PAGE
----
Pentagon policy adviser steps down to ‘rebalance’ personal life

Flournoy

The Pentagon’s #3, Michele Flournoy, is leaving her post as Undersecretary of Defense for Policy in February, she told AP. The 50-year-old mother of three said she needs to rebalance her personal life. Unsurprisingly, the Pentagon doesn’t give many days off, and it’s not so easy to step out to take the kids to dinner.

“By nature it is an all-consuming job and it does take a toll on the family,” she said, adding that she considers her time as the undersecretary of defense for policy as “probably the highlight of my professional life.” She was the first woman ever to hold the post when she started the job in February 2009, two years after co-founding and serving as the first president of the Center for a New American Security, a prominent think tank.

As an adviser to former CIA director and current Secretary of Defense Leon Panetta, Flournoy is held in high esteem, wrote Laura Rozen on The Envoy:

“I hate to see Michele go–as a defense intellectual, a standout bureaucratic player, as a respected colleague and trailblazer for women she has few if any peers,” former Clinton administration official Heather Hurlburt, executive director of the progressive National Security Network, told Yahoo News Monday. “Goodness knows she has earned any re-balancing she wants.  I think it highlights for both men and women how extreme the demands of government service have become.”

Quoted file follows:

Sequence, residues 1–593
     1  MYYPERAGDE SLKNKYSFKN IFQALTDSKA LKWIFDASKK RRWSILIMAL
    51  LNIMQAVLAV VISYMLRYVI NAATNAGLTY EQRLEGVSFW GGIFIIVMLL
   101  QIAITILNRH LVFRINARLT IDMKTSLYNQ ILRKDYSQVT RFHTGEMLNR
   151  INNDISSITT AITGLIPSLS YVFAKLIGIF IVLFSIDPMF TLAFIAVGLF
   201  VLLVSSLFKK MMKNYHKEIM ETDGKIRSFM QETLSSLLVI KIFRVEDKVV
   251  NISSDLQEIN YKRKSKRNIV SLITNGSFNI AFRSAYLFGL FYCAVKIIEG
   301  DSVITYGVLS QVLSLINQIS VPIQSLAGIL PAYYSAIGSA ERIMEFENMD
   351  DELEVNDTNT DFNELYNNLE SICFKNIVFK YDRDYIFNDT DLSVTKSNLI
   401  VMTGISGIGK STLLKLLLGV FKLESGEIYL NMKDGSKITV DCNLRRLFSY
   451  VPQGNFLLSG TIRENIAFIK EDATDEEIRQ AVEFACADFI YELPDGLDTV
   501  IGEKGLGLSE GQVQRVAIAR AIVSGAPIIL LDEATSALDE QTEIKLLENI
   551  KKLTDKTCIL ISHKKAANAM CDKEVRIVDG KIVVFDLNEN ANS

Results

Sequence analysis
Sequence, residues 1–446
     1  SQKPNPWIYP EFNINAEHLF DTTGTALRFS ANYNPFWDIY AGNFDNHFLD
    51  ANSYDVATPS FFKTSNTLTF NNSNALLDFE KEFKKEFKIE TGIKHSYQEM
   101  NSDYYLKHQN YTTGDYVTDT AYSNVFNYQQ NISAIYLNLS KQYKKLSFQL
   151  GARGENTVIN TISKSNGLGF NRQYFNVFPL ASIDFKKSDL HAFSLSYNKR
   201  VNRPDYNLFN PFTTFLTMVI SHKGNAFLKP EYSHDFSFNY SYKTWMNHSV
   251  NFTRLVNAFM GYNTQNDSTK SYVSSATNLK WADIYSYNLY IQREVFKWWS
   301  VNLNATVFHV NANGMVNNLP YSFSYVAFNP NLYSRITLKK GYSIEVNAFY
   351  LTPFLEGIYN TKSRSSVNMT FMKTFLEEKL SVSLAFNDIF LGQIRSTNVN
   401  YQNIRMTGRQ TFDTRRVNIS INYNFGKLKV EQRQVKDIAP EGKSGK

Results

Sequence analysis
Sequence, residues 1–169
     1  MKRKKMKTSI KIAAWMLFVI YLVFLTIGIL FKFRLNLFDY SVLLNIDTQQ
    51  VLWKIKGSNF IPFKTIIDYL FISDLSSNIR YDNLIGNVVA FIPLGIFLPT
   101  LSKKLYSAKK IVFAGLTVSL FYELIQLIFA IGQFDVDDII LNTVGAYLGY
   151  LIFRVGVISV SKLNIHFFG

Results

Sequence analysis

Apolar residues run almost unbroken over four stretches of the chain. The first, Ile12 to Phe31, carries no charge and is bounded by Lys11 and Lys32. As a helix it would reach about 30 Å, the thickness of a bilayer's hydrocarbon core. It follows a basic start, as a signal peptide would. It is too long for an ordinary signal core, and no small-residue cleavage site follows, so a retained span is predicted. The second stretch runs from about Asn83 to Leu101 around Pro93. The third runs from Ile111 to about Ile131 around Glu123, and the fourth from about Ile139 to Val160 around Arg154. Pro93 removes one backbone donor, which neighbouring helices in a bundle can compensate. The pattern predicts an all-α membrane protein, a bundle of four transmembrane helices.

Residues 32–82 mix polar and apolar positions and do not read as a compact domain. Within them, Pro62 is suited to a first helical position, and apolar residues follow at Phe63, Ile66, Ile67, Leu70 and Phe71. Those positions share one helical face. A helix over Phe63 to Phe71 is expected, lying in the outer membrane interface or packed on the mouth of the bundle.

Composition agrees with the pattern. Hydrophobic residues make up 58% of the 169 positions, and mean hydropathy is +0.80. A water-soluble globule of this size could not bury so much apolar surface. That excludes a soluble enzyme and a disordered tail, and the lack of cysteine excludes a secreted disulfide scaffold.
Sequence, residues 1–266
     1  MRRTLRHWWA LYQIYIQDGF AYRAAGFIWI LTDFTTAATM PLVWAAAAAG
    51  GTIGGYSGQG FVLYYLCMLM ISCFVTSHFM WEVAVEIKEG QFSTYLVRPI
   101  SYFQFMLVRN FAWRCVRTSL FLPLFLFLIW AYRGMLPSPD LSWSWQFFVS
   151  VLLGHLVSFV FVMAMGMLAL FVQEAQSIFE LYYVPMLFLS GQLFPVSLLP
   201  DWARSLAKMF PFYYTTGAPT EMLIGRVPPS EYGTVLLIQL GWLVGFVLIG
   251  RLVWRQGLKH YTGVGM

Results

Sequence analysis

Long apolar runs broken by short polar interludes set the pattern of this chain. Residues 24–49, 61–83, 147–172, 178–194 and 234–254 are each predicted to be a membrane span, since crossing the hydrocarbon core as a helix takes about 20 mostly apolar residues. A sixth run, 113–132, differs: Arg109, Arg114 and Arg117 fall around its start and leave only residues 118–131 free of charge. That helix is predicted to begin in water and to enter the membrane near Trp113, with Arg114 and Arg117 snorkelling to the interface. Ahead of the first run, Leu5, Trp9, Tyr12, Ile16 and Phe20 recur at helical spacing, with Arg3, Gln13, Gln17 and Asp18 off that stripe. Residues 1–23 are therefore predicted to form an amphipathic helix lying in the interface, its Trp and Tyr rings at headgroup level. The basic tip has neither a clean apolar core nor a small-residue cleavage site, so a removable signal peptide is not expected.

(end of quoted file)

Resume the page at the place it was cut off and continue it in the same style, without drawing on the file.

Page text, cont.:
The demands, no doubt, are great. Flournoy made the conscious decision to choose between two once-in-a-lifetime opportunities: parenting and her role at the Pentagon.

Flournoy said her children understand that their parents’ hard-charging jobs are “once-in-a-lifetime opportunities” at an important juncture in American history, but it has required difficult trade-offs.

“You can make the sacrifice for a period, but at some point the cost becomes too high and you need to rebalance,” she said.

Her resignation comes as the U.S. makes a shift in its foreign policy focus from the Middle East to Asia, where China poses an ever-increasing threat to U.S. dominance and tensions with Pakistan are high. Flournoy’s successor is likely to spend much more time thinking about policy in Asia — and inherent within that, naval policy — than the Middle East, where troops levels are expected to fall over the next few years.

Photo: Michele Flournoy meets troops in Herat, Afghanistan in April 2011. Creative Commons/Flickr user isafmedia

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